The lesson belongs to the man who was, as recently as Christmastime, the Republican frontrunner and inside favorite to be the next President of the United States. America's Mayor, Rudolph Giuliani. He had a bold strategy; he would skip the early contests, featuring small states, and bet everything on Florida. The Sunshine State's one of the famous Big 8, those eight states that hold over half the Electoral College, and their primary was a week before Soopa-Doopa Tuesday. The bump from that win would give him an edge when 24 states went to the polls, and that would carry him over the top.
He has to know this strategy's been tried before, and with the same effect. In 1988 the future Vice President, Tennessee Senator Al Gore, used the same strategy, forgoing Iowa, New Hampshire and all the early states while concentrating on the large group in the middle of the primary season. Unfortunately for him, Mike Dukakis already had the momentum on his side. In spite of doing as well as Dukakis, the Massachussetts Governor managed to win in all four corners of the country. Plus, Jesse Jackson did nearly as well as either of them, making a roughly even three-way split. With everything already leaning his way, Dukakis rode the wave all the way to the Democratic nomination while Gore faded in his rear view mirror.
Some may wonder when all this emphasis on the small early states began. It was always there, really. There's been a first-in-the-nation New Hampshire primary since 1952, and until Bill Clinton in '92 nobody went to the White House without first winning the Granite State. Arguably, the first candate to make NH the cornerstone of his strategy was a former peanut farmer and one-term Georgia Governor named Jimmy Carter.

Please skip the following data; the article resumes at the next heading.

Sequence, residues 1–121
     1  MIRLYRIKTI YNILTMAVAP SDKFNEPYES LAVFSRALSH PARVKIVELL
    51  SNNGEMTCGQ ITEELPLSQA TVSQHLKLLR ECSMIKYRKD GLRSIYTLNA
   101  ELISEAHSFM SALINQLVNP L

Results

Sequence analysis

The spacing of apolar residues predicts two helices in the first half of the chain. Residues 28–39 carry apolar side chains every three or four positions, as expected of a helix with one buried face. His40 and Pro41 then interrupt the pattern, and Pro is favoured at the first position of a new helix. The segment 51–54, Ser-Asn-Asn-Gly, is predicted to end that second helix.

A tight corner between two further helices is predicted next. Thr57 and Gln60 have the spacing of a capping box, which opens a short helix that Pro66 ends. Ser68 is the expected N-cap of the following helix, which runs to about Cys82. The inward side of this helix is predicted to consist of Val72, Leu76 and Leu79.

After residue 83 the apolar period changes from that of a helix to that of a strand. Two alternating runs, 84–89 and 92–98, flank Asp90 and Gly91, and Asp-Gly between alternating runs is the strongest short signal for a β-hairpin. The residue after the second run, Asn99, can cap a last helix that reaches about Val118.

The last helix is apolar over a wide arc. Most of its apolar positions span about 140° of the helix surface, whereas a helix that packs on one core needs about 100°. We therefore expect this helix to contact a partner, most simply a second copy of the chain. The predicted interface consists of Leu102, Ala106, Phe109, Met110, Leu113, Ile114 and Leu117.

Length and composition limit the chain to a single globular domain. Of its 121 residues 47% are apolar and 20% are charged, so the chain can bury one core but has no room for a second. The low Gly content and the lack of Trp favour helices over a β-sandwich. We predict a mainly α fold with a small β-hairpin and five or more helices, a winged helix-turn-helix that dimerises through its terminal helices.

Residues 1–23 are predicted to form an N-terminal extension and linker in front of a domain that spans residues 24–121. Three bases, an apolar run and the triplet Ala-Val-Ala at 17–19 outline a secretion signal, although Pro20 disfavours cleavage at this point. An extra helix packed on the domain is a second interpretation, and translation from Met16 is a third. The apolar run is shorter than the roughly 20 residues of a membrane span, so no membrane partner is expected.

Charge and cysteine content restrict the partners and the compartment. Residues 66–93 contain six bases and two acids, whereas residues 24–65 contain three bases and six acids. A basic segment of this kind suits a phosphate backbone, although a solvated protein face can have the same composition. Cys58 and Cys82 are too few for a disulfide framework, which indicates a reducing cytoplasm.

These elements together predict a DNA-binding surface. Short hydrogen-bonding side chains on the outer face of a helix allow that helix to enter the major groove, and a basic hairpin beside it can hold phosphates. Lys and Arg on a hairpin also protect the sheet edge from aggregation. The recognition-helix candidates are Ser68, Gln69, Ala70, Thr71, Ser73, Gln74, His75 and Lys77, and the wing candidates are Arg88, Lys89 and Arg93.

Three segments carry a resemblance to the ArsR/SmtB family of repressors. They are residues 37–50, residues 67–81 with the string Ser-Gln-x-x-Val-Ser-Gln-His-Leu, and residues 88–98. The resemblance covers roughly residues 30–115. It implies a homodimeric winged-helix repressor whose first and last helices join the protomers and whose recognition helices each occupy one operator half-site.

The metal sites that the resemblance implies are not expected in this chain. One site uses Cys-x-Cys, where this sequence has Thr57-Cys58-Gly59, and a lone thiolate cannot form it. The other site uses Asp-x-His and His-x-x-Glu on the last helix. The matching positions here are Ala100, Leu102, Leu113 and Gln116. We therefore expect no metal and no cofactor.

1976 was one hell of a year in American politics. It was the first election after Watergate and Nixon's resignation, and any Democrat should have been able to win the Presidency in a walk. The Republican incumbent was Jerry Ford, who had been appointed VP about a year before inheriting the big chair, and had never run a national campaign.
The big handicap for the Democrats was that their leading lights were out. Edmund Muskie, long-time Senator from Maine, had shot himself in the foot during the '72 campaign when he was the heir apparent. And, for some reason, the other biggest name, Hubert Humphry, stubbornly refused to run. No one knew at the time, but Humphrey was suffering from terminal cancer and was secretly taking experimental medications.
The biggest Democratic name after that was the sitting Governor of California, Jerry Brown. He was the son of Pat Brown, the man who kept Richard Nixon out of the California Governor's mansion in 1962. Good-looking, visionary, and dating Linda Ronstadt, the nomination was his for the asking. So he waited until he was asked.
Unfortunately for him, a large field of Dems didn't feel like waiting. The cleverest of them all, as it turned out, was Carter. He parked himself in New Hampshire a full year before the Primary. He talked to everybody who would listen to him. He covered the state like a blanket. By the time the election rolled around he had an enviable level of name recognition, coupled with a beaming smile and the plea to "trust me." Trust him, they did.
Brown stayed above the fray until a group of six states that all held their primaries on the same day; the prototype of the Super Tuesday we know today. But the Democrats didn't need Brown any more. Carter had a tsunami of momentum coming out of NH, and everybody was chasing him. On the big day, Carter took three of the six states. Brown got one, Arizona Senator Morris Udall took one, and I think Frank Church, Senator from North Dakota, got the last. Carter went to the '76 convention with more than enough delegates to clinch.
So now Rudy knows what Al and Jerry already figured out; you skip the early contests at your own peril. Who cares if they have .02 delegates each, and half of them won't be seated? They're in the news, and that's what builds momentum. On the other hand, last fall John McCain was dead in the water. His funding had dried up, he was cutting his campaign staff to the bone, and all the pundits were sticking forks in him. He was done, and everybody knew it.
Everybody but him. He hung in there, and spent a large portion of the little he had in ol' New Hampshire. He got traction where Rudy saw only ice and snow, and now their positions are reversed. Let the lesson be learned.